A story about me and David Sedaris:

Years ago I went to see Davis Sedaris read his essays live (he was obviously amazing). At the time, I was about to embark on my own essay reading show. I waited in line for hours to get my copy of his book signed.

My manager, who was there too, repeatedly asked if I was going to tell him I was a comedian.


He asked if I would tell him about my show. I said I would rather die in a slow, painful, glue-related death. No one wants to be that guy. “You know I do a bit of writing myself-”
*shoots self in the eyeball*

As the time passed my manager became more and more persistent and ran to a local Internet cafe to print up my essays to bring back to me.

My time with Mr Sedaris finally came. I was nervous. I was sweating; on my lip and behind my knees. He was everything you’d want him to be; polite and charming and warm and genial. He signed my book and complimented me on my knitting needle broach. I felt like the swooning daughter of Virginian property owner, fanning myself at his words, “Oh Mr Seadaris…”

Burnt up by a sense of loyalty as I walked away from his desk I turned back and said, “I’m so sorry to do this but I’m about to do my own essay reading show and my manager is with me and he went to print these off at an Internet cafe so I think I have to give them to you. You don’t have to read them. You can put them in your hotel bin when you get back.” He gave me a look I couldn’t read like I’d tried to teach a cockatoo a new word. He then asked if I could put my address on the top. I told him my email address was already there. He corrected me, “No, your home address.” I didn’t understand at the time, but you just do what David Sedaris asks you.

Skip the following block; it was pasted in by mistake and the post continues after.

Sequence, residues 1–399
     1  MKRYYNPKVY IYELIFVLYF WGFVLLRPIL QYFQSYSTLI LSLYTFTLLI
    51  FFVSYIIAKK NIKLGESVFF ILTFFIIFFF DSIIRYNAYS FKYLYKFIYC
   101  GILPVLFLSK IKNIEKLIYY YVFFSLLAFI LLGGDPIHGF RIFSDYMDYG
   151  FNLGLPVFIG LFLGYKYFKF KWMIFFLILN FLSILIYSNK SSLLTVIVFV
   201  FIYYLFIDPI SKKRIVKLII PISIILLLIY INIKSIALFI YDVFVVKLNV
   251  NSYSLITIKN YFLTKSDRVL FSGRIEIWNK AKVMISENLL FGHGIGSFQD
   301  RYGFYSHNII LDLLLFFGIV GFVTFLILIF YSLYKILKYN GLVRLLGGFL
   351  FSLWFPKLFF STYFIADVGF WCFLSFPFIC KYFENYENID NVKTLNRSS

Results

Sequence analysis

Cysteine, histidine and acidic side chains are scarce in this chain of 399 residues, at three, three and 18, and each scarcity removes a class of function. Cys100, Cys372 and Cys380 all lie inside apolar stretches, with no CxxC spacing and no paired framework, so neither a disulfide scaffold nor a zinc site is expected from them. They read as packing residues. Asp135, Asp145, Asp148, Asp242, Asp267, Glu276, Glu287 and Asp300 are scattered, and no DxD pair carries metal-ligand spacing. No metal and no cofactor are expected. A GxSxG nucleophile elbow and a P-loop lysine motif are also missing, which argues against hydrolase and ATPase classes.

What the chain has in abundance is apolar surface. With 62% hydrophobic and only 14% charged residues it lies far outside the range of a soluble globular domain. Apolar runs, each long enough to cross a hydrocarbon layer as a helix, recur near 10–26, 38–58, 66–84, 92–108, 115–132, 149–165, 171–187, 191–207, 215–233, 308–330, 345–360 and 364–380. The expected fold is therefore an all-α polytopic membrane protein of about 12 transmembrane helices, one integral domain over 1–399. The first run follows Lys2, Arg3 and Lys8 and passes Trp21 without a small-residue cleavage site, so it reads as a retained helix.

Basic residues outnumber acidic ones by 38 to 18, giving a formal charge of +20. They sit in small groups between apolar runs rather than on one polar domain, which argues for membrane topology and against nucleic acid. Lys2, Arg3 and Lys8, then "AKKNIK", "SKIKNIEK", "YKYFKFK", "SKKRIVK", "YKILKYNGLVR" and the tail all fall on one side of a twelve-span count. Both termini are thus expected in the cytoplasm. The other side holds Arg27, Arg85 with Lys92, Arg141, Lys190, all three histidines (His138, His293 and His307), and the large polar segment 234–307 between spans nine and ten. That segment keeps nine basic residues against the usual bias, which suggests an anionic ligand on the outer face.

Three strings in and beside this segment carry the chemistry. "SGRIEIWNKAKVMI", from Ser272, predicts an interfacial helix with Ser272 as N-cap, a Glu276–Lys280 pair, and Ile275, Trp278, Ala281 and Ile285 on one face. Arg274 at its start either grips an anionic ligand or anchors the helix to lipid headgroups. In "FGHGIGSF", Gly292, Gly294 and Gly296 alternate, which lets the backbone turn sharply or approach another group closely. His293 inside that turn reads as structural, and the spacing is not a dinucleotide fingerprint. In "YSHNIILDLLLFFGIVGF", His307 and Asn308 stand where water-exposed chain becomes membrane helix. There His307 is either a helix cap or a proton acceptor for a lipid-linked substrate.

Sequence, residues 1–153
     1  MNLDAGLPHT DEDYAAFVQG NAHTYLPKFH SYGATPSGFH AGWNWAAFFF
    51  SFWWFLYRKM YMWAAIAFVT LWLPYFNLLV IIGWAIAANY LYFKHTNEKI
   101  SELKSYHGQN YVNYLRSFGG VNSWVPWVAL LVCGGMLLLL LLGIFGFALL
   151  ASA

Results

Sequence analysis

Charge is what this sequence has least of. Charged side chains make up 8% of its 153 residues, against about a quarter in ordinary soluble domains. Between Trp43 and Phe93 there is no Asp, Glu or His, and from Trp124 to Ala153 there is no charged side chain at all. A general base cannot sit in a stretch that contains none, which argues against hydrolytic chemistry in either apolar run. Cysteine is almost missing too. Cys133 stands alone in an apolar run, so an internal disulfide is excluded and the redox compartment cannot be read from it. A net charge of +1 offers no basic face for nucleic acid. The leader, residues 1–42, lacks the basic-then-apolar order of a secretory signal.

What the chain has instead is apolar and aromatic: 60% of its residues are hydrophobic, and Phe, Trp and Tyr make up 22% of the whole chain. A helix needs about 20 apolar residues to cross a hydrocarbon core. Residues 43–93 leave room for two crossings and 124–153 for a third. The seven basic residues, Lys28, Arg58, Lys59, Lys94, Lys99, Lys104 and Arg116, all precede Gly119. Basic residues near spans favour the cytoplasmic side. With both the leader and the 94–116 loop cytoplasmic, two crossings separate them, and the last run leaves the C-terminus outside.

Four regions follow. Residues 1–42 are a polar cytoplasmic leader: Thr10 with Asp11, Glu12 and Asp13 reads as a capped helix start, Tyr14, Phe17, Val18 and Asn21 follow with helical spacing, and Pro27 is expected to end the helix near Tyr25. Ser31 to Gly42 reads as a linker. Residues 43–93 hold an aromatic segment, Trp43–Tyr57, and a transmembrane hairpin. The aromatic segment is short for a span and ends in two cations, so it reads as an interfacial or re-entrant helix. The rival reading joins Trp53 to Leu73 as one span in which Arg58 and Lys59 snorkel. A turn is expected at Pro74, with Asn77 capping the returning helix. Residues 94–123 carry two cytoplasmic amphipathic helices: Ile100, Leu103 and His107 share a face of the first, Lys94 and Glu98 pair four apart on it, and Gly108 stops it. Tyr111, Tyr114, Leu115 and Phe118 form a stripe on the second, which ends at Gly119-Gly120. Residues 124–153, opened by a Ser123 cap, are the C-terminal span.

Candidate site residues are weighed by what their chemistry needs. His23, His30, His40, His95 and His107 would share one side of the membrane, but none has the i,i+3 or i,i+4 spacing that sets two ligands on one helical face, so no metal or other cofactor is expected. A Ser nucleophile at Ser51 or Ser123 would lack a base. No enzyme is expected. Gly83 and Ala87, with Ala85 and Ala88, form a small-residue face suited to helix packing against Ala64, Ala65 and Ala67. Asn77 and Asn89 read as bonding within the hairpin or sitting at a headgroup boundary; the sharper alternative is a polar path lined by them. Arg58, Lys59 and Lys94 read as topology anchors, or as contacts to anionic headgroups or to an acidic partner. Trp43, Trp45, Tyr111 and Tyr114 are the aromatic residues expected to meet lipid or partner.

I walked away feeling elated. But not quite as elated as when I got home two or three months later, having forgotten about that interaction, and had a hand written post card from him waiting for me in the mail.

It’s one of my most prized possessions.


PS I will post those essays here over the coming weeks.